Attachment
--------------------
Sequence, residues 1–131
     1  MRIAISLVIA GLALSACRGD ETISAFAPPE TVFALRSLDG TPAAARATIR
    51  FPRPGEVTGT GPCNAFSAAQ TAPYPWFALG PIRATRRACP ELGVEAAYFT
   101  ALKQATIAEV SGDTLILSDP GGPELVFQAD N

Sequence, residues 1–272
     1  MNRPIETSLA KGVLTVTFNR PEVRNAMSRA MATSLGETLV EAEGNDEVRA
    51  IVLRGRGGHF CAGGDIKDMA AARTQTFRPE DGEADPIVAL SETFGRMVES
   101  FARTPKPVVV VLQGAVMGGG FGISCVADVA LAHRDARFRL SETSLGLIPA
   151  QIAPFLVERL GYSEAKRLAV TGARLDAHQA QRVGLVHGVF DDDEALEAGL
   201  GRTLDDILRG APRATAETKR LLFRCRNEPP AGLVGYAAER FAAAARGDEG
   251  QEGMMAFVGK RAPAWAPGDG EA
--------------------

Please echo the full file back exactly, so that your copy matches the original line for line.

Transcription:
Sequence, residues 1–131
     1  MRIAISLVIA GLALSACRGD ETISAFAPPE TVFALRSLDG TPAAARATIR
    51  FPRPGEVTGT GPCNAFSAAQ TAPYPWFALG PIRATRRACP ELGVEAAYFT
   101  ALKQATIAEV SGDTLILSDP GGPELVFQAD N

Sequence, residues 1–272
     1  MNRPIETSLA KGVLTVTFNR PEVRNAMSRA MATSLGETLV EAEGNDEVRA
    51  IVLRGRGGHF CAGGDIKDMA AARTQTFRPE DGEADPIVAL SETFGRMVES
   101  FARTPKPVVV VLQGAVMGGG FGISCVADVA LAHRDARFRL SETSLGLIPA
   151  QIAPFLVERL GYSEAKRLAV TGARLDAHQA QRVGLVHGVF DDDEALEAGL
   201  GRTLDDILRG APRATAETKR LLFRCRNEPP AGLVGYAAER FAAAARGDEG
   251  QEGMMAFVGK RAPAWAPGDG EA